Coming soon….the Milwaukee USA Journal Today Sentinel.
Typically a newspaper’s publisher and editor are replaced to facilitate all the change. “They like to have their own people in place, who are more familiar with corporate culture. Plus it’s a chance for people within the company to advance,” Hopkins notes.
“In recent years the company has gotten more top-down,” he adds. Yikes.
All national and international news for its papers is supplied by USA Today. The local paper and its local coverage is simply wrapped around USA Today. It not only saves money on any national reporters a newspaper might have once had, but saves money by not needing editorial staff to put the national/international section together.
Not many editors — in the traditional sense — are used. Writers for a particular beat may make story decisions (within Gannett guidelines) and a “writing coach” or “content coach” may edit stories by various reporters. In an attempt to appeal to younger readers, newspapers may have a “beverage reporter” (covering beer and the bar scene) and fashion reporter, while the state capitol desk might get just one reporter.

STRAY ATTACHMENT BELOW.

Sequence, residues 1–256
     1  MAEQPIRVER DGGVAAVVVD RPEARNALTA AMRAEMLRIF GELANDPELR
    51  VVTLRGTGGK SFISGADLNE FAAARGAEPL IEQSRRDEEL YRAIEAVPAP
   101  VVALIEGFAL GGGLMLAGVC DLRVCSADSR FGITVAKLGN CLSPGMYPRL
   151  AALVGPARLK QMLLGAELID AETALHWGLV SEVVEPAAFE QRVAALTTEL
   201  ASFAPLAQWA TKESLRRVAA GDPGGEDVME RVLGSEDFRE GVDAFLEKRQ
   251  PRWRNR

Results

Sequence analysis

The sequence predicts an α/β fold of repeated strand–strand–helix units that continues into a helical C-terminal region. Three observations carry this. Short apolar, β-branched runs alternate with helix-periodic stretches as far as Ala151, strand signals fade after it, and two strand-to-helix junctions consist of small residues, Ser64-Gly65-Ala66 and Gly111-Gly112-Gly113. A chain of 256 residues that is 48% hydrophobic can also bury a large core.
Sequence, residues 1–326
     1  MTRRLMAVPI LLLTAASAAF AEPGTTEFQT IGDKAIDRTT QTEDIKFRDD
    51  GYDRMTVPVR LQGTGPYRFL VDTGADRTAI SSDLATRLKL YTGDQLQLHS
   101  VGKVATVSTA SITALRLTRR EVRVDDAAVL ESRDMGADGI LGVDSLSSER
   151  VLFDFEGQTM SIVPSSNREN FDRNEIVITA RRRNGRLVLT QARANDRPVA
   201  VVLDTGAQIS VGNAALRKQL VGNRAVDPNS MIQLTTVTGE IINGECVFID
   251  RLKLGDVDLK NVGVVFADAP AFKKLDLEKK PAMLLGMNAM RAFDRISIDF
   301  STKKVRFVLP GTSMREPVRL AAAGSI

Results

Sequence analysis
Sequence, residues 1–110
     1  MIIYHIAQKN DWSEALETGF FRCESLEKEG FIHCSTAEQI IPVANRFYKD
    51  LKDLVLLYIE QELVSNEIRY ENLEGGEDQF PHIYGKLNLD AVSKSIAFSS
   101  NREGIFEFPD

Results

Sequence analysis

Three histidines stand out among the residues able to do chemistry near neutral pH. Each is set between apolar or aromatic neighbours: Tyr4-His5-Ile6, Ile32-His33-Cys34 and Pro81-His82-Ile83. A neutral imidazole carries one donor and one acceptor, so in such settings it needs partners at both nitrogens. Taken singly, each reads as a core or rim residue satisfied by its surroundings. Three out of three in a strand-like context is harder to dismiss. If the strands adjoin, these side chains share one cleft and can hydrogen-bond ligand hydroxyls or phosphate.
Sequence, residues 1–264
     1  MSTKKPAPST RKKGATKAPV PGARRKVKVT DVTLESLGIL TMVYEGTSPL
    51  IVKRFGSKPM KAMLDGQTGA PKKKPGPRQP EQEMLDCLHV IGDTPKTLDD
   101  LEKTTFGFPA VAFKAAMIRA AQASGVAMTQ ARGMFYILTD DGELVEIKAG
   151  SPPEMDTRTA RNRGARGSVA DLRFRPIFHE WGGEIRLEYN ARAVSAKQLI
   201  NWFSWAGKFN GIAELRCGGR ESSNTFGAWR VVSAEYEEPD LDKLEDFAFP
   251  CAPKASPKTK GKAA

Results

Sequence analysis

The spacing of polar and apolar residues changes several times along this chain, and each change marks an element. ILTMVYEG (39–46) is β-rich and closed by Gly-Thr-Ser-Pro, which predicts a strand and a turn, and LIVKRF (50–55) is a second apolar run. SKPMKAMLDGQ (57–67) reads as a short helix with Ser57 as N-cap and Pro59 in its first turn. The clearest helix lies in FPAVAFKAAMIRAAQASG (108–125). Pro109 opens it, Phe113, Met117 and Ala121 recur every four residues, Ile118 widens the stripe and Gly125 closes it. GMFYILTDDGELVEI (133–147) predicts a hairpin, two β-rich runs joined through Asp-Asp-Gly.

To get a sense of how much the Journal Sentinel’s staff might be cut, I compared its current editorial staff (editors, writers, photo, design and online people) of 117 people with Gannett papers in two mid-sized cities. The Louisville Courier Journal, in a metro area of 1.3 million, has just 63 total staff covering these same functions. The Indianapolis Star, in a metro area of 1.76 million people, has 89 staff covering these functions. Given Milwaukee’s metro population of 1.55 million, you’d expect the staffing to fall somewhere between the other two cities, meaning the Journal Sentinel loses in the neighborhood of 35-40 staff.
But considering that Gannett also owns 11 other newspapers in Wisconsin (more than it owns in any state but Ohio), there may be other reductions in overlap it achieves between the Milwaukee paper and the 11 smaller publications.
Odds are the people let go will be the most veteran, highest-paid staff, the ones most knowledgable about the community they are covering.